Trump Is Worried About The Economy And 2020. He Should Be.
The Trump Administration and 2020 campaign are clearly worried about the state of the economy. They should be, because it could be the one thing that dooms his re-election chances.
Harry Enten at CNN makes note of the biggest threat to Trump’s re-election in 2020, the probability that there will be a recession in the coming 18-24 months and the danger that poses to his re-election prospects:
President Donald Trump’s main hope for reelection has been the economy. As I noted earlier this week, Trump’s approval on the economy has averaged 53% over CNN’s last three polls. His overall job approval rating in those same polls among voters has been just 44%.
But what happens if the economy loses some steam? Some indicators, such as the yield curve, suggest this could occur.
Trump’s already shaky reelection chances would likely drop significantly.
Right now, the main reason voters approve of Trump’s job performance is the economy. A CNN poll from late May found that 26% of those who approve of Trump’s job performance said it was mainly because of the economy. That was more than double the next most commonly given answer. Additionally, 8% said jobs/unemployment was the main reason for why they approved of Trump. Among those who disapproved, few said anything related to the economy was the main reason why they disapproved of Trump. For example, only 1% said the Trump tax cuts.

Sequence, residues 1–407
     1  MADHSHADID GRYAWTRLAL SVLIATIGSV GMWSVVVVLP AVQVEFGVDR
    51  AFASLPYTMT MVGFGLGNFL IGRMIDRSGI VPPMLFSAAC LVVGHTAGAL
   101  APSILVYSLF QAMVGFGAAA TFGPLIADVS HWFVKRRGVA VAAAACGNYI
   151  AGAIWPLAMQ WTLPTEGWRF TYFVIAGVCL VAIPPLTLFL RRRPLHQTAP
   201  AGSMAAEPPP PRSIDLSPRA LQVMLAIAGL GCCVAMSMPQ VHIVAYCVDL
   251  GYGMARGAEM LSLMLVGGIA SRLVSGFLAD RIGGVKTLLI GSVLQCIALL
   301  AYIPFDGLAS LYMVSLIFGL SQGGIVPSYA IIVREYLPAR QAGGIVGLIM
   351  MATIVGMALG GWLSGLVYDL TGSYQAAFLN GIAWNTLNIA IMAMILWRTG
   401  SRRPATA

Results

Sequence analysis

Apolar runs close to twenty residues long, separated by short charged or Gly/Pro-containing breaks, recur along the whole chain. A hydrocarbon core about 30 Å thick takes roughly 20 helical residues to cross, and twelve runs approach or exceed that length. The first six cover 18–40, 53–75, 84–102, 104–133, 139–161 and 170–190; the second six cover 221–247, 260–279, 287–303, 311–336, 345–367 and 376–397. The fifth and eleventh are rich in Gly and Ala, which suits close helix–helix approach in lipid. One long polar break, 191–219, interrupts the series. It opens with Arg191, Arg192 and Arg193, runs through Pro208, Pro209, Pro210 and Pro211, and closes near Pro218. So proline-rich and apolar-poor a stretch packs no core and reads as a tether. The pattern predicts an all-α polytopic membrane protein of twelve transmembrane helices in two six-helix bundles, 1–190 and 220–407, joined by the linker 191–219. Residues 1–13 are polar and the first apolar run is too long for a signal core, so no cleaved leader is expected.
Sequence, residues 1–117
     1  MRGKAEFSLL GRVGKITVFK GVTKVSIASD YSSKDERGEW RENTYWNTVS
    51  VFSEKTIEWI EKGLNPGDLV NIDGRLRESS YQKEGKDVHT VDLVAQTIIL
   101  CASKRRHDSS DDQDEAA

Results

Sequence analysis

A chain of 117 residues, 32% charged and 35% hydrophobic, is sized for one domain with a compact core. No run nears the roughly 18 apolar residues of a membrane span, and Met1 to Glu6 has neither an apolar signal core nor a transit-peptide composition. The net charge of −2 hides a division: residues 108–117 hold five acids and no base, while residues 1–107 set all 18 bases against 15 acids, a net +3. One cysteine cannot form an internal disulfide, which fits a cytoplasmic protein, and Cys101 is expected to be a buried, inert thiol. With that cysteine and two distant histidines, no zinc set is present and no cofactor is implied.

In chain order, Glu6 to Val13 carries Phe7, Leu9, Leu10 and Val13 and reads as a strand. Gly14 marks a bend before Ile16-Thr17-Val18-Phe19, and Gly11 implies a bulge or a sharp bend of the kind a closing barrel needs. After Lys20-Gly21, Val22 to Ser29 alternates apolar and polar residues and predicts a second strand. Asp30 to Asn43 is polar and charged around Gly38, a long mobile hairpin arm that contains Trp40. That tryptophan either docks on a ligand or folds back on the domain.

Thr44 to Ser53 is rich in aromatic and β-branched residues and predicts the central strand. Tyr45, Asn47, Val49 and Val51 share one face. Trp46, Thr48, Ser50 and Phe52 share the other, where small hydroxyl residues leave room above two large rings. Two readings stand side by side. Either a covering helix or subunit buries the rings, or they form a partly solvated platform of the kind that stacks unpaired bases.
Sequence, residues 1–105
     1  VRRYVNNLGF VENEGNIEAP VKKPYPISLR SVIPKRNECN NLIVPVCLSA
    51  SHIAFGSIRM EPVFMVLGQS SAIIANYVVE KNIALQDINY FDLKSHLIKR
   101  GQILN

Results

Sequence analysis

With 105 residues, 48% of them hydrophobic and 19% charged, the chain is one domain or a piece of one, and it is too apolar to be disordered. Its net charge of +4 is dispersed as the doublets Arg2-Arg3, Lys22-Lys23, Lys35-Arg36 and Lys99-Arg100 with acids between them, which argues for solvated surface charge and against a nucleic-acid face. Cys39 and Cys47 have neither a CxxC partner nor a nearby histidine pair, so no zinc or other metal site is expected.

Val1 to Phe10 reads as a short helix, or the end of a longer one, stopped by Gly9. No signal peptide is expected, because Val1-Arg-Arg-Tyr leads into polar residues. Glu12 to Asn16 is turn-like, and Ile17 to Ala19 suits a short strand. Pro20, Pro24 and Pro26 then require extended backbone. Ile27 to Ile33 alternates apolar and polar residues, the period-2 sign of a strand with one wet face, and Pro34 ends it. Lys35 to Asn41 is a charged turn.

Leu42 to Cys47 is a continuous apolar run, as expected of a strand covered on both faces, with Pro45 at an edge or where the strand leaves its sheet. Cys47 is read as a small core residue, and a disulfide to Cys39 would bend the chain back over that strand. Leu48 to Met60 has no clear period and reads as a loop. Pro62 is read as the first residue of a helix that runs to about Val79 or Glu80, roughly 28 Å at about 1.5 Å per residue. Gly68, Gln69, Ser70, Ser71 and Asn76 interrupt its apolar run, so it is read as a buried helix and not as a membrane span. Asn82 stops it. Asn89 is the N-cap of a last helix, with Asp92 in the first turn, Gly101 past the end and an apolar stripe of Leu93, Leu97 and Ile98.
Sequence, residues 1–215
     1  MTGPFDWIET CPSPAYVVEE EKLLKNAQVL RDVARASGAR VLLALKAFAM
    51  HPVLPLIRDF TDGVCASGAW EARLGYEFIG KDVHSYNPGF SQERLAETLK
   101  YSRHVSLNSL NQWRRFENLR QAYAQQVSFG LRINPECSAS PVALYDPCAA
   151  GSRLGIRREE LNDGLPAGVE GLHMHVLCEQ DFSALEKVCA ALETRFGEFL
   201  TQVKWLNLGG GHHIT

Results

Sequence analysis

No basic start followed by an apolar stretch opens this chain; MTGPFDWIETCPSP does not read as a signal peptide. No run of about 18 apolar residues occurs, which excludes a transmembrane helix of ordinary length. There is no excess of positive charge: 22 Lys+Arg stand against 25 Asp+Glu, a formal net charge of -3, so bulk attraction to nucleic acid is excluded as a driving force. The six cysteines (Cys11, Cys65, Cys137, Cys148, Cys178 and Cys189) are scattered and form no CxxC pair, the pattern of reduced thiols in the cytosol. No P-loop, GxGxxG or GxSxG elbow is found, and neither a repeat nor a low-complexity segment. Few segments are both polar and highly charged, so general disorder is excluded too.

Now, many of those who approve of Trump currently would approve of him regardless of what he did. Still, he’d probably lose some of those who approve if the economy went south. He cannot afford for that to happen. At just 44% approval overall, Trump needs a few lucky breaks even if the economy stays steady. Further, a dip in the economy would probably lose Trump any shot he had at winning over that 9% of voters who approve of him on the economy but not overall.
Remember that when there were signs of an economic slowdown during the government shutdown earlier this year, Trump’s approval rating dropped to about 40% with all voters.
Trump’s reelection chances could hinge on the state of the economy. Take, for example, job growth.
Job growth is a simple measure and fairly predictive of an incumbent’s reelection hopes. I took a weighted yearly average (i.e. from October to October) for each of the final two years before the election and compared this measure to the president’s reelection margin in presidential elections dating back to the end of World War II. I say weighted because the growth the year before the election is weighted more heavily.
Applying this to Trump, we find that the average weighted yearly job growth over the last two years has been about 1.5%. This is the type of growth that is consistent with a close reelection margin. Two incumbents with similar job growth over their final two years (George W. Bush in 2004 at 1.1% and Barack Obama in 2012 at 1.6%) won by less than 4 points.
Of course, Trump’s current level of job growth is far from a guarantee of winning reelection. Gerald Ford had a nearby 1.9% yearly weighted average growth over his final two years, and he lost by 2 points. It makes sense that job growth isn’t a perfect predictor of reelection fortune. Beyond the basic fact that there are plenty of ways to measure the economy, there are issues voters consider besides the economy. For Ford, it was Watergate. For Trump, our May poll suggests it’s likely the issues surrounding his character. The state of the economy suggests a range of possible outcomes from moderate sized loss to moderate sized win.